Winter has come to Wisconsin this weekend. I watched three games Saturday and one on Sunday: Manchester United – Newcastle United, Liverpool – West Ham United, the Major League Soccer Finals pitting Sporting Kansas City against Real Salt Lake, and Arsenal – Everton. I’ll be talking more about Newcastle in a longer post this week (I know, I know, I’ve been saying that for awhile), but it’s worth noting that manager Alan Pardew’s tactics were at least as important in the win as any shortcomings of Moyes. Man U were left to work without Rooney, out from yellow card accumulation, which left Moyes without his best player by a long distance this season.
The West Ham game was notable for having four own goals. Even knowing what happened, it was pretty darn confusing looking at the game summary. In fairness to West Ham, they defended well against a substantially better team, and they even had a strong spell between their 66′ goal and Suarez’s insurance goal at 80′. Though in part this is the way Liverpool always plays, West Ham’s loose marking system forced Liverpool into a fair amount of positional movement.
On the other hand, Martin Skrtel is now joint top-scorer for West Ham going back to the start of November (worryingly, only three players have topped Skrtel’s scoring record for Hammers all season). With Tottenham (in the Capital One Cup), Manchester United, and Arsenal on tap in December, West Ham needs to get all three points home against Sunderland next Saturday (as, really, they needed to do last weekend against Pulis’s “resurgent” Crystal Palace as well).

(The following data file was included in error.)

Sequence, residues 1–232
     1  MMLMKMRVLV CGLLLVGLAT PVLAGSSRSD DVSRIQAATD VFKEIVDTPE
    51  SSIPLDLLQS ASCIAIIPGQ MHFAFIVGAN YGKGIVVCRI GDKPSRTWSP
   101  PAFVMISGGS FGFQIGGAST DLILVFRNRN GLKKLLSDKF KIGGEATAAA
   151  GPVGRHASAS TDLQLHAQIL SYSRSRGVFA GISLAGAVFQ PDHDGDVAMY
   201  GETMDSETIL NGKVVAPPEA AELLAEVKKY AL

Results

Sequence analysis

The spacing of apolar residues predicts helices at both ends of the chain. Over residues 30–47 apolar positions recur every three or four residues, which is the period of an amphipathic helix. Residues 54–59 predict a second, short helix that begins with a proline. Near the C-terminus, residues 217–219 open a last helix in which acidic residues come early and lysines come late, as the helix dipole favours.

If you were lucky enough to start watching Saturday’s MLS final at the 75′ minute, you saw a pleasantly entertaining game. Both teams clearly thought they could win the game and wanted to. The quality of play wasn’t any higher than in the first 75′, it became a pacy, end-to-end affair for the rest of regulation and the majority of extra time. While a football game should never end in penalties, you can’t deny the excitement of the spectacle, and this one went to 10 shots before the crossbar denied Lovel Palmer and ended the shoot-out 7-6 in Sporting KC’s favor. Given the substantial advantage gained by going first in a shoot-out, the result wasn’t terribly surprising.
Writing earlier on the MLS play-offs, I suggested that the Portland Timbers represent the best and the worst of the league; new champions Sporting Kansas City highlight a lot more of the bad than the good. Even more than Portland, their defensive prowess is built on battering opponents in expectation of the lenient refereeing standards of the MLS. Center back Aurélien Collin leads the League in fouls. At least goaltender Jimmy Nielsen sounds like an interesting guy when ventriloquized by Paolo Bandini in his newly released autobiography.
I didn’t get to watch the Stoke City – Chelsea game closely, but in the past two games with Juan Mata filling in for the injured Oscar, Chelsea have shipped six goals against two teams averaging only a goal a game or less. As I’ve written before, it’s really not hard to understand why Mourinho prefers to have the young Brazilian in the center of the pitch. Mata wasn’t directly at fault for any of Stoke’s three goals today, but it is worth noting that both Jonathan Walters’s cross in for Stephen Ireland’s 50′ goal and Oussama Assaidi’s 90′ winner came down the flank Mata was playing at the time. In both cases, he was well down in Stoke’s end of the pitch.